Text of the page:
Despite significant advances in treatment, sports-related concussion continues to plague athletes. Part of the reason for this is that the biological basis of concussion is poorly understood. Genetics play a key role in the biology underlying concussion. In this study,…

Does a Ketogenic Diet Impair Athletic Performance?

A low-carbohydrate, high-fat (LCHF) or “ketogenic” diet has grown in popularity due to its ability to increase the rate of fat burning during exercise. For elite athletes this comes at the expense of athletic performance. The LCHF diet also increases…

Does More Physical Activity and Less TV Viewing Reduce the Risk of Death?

Insufficient physical activity and sedentary behavior are both associated with higher risk of chronic disease and death. However, the long-term benefits of interventions to increase physical activity and reduce sitting time are unknown as randomized controlled trials are often infeasible…

Blood-flow Restriction Training Delay the Progression of Chronic Kidney Disease

Chronic kidney disease (CKD) is recognized as a public health problem, affecting more than 15% of the population. Although CKD can drastically impair health, it is rarely diagnosed early due to its silent revelation. Identifying and proposing treatments to attenuate…

Reduced Sitting Time Improves Blood Flow in Brain and Legs

During a regular day, the average person sits for eight to 10 hours. These high levels of sitting time seem linked to an increased risk for both cardiovascular and cerebrovascular diseases. First, researchers found that three hours of sitting results…

Attenuated Rapid-Onset Vasodilation to Forearm Muscle Contraction in Black Men

Kaur and colleagues reported that rapid onset vasodilation induced by a single contraction of the forearm muscles was significantly attenuated in non-Hispanic Black men, compared to white men, and this attenuation was evident even at low intensity muscle contractions. The…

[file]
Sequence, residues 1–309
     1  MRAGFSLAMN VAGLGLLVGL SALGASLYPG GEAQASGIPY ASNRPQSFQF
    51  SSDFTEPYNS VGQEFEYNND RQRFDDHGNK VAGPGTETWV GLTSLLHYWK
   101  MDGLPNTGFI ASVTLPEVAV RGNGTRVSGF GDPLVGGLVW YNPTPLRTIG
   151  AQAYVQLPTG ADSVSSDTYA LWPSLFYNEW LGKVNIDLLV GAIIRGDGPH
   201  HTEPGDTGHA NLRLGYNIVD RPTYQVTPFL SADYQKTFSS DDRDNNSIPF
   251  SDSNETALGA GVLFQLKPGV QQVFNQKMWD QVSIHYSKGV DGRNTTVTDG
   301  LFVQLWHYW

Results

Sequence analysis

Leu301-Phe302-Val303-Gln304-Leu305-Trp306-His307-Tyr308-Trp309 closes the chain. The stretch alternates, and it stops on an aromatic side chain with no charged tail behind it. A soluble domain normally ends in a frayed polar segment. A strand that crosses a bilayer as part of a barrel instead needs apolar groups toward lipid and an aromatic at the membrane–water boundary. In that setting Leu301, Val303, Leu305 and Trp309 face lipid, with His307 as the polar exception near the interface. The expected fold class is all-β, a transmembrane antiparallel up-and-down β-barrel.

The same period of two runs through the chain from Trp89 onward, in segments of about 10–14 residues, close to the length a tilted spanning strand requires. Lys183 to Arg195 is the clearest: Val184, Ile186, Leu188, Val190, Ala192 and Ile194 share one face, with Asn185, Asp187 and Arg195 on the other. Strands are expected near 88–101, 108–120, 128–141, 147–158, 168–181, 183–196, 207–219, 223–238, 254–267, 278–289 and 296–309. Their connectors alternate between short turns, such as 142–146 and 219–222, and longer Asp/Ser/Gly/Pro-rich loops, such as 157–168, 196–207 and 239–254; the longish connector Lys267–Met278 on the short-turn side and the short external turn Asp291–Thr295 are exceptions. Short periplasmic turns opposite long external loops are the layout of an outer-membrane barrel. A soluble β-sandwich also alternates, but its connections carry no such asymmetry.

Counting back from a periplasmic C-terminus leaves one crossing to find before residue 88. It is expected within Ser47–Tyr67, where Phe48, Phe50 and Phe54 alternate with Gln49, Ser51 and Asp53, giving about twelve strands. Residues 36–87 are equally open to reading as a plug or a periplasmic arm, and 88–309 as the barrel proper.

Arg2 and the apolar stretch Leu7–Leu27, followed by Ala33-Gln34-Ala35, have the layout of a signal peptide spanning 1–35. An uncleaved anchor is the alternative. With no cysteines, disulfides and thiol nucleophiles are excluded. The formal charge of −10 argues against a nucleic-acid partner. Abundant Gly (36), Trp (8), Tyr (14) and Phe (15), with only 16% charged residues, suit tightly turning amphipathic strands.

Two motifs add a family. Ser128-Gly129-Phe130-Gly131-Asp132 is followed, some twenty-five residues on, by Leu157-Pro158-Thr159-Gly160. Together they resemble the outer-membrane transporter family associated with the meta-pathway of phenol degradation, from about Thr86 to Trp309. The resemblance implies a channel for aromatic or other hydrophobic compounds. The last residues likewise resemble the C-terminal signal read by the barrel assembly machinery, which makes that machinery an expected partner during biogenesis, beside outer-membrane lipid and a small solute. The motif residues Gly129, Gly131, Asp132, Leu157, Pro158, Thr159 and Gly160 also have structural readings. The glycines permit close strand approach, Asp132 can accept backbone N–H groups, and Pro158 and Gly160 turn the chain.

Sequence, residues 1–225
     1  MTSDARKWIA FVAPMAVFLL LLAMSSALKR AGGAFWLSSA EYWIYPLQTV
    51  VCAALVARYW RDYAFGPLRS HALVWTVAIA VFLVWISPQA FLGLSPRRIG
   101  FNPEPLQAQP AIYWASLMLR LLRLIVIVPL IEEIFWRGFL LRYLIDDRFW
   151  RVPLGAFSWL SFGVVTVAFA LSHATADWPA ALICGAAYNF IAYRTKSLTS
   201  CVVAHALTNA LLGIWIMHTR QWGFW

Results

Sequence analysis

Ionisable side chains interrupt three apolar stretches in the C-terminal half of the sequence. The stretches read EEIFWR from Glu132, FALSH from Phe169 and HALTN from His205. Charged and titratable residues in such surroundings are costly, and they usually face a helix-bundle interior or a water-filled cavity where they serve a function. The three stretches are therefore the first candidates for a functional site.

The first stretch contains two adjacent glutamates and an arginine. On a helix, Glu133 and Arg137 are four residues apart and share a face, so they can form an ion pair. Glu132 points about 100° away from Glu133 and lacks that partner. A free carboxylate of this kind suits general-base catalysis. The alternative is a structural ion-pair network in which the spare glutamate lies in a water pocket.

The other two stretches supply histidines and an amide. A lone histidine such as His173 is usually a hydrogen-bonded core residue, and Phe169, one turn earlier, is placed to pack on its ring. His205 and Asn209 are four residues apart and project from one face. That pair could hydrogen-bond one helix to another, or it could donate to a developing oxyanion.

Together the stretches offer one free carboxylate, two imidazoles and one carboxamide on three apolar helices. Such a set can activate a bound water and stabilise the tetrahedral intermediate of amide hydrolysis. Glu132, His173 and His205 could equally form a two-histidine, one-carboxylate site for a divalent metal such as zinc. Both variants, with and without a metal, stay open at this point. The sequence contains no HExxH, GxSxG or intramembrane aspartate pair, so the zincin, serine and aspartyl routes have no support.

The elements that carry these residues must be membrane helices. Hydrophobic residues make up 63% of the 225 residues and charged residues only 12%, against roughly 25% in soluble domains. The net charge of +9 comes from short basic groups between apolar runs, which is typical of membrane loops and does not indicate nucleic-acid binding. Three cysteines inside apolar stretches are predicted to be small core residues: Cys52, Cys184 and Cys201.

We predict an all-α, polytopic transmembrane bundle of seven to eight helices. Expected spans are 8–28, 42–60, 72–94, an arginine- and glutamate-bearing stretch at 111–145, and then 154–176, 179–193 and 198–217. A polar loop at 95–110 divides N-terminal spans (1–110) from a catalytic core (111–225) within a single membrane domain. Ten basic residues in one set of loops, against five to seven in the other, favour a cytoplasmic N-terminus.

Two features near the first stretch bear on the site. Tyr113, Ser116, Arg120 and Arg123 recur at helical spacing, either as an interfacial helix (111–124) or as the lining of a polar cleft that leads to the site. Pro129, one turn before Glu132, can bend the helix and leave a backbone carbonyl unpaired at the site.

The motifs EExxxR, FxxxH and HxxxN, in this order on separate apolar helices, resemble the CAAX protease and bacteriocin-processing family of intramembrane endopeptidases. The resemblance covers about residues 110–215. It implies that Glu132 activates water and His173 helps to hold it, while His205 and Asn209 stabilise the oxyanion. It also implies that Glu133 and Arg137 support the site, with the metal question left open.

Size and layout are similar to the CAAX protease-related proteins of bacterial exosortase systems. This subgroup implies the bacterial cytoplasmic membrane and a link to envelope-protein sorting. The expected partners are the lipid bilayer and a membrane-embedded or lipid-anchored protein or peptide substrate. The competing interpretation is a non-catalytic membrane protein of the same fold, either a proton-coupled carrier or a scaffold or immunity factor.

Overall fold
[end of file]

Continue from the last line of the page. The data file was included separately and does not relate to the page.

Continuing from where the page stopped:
Time-restricted Eating Reduces Body Weight in Runners without Impacting Performance

Intermittent fasting is becoming increasingly popular due to its simple advice: Don’t change what you eat; simply change when you eat. One popular method of intermittent fasting, 16:8 time-restricted eating (TRE), involves 16 hours fasting and eight hours eating each…

Online Training is New Top Fitness Trend for 2021 according to ACSM Annual Forecast

ACSM’s annual fitness trend forecast, now in its 15th year, predicts what you’ll see in fitness in the next year and helps the health and fitness industry make critical programming and business decisions that ultimately affect consumers.

Detection of Blood Transfusion

Autologous blood transfusion is performance enhancing, and detection of abuse remains a major challenge in sports. To address this issue, investigators transfused a group of men with either blood or saline, and evaluated whether metabolites collected in urine before and…

BFFs: How Physical Exercise Impacts Brain Blood Flow, Memory after Paralysis

Thanks to advances in health care in the past several decades, more than 90% of people who have had a spinal cord injury survive beyond the first year. The focus now is managing the long-term impact of spinal cord injury…

Break Up Your Work Day with Healthy Stair Climbing Exercise Snacks

Sitting for long periods is known to have negative effects on metabolic and cardiovascular health. Building on recent work showing that brief bouts of vigorous exercise (exercise “snacks”) can improve fitness, investigators from the University of British Columbia in Canada…

New Year, New Weight Loss Program? Exercise More Important than Protein for Muscle Function in Older Women

In the U.S., most older women are overweight or obese, which can harm functional health like rising from a chair. Weight loss diets that are higher in protein are popular as they often cause greater body fat loss while keeping…

Circadian Clock Regulates Body’s Collagen Production

Researchers featured in the “Homeostasis and adaptation of tendons to exercise” symposium—presented this week virtually at the American Physiological Society (APS) Integrative Physiology of Exercise conference—will discuss how exercise, inactivity and the body’s internal clock drive structural changes to tendons and their supportive tissues.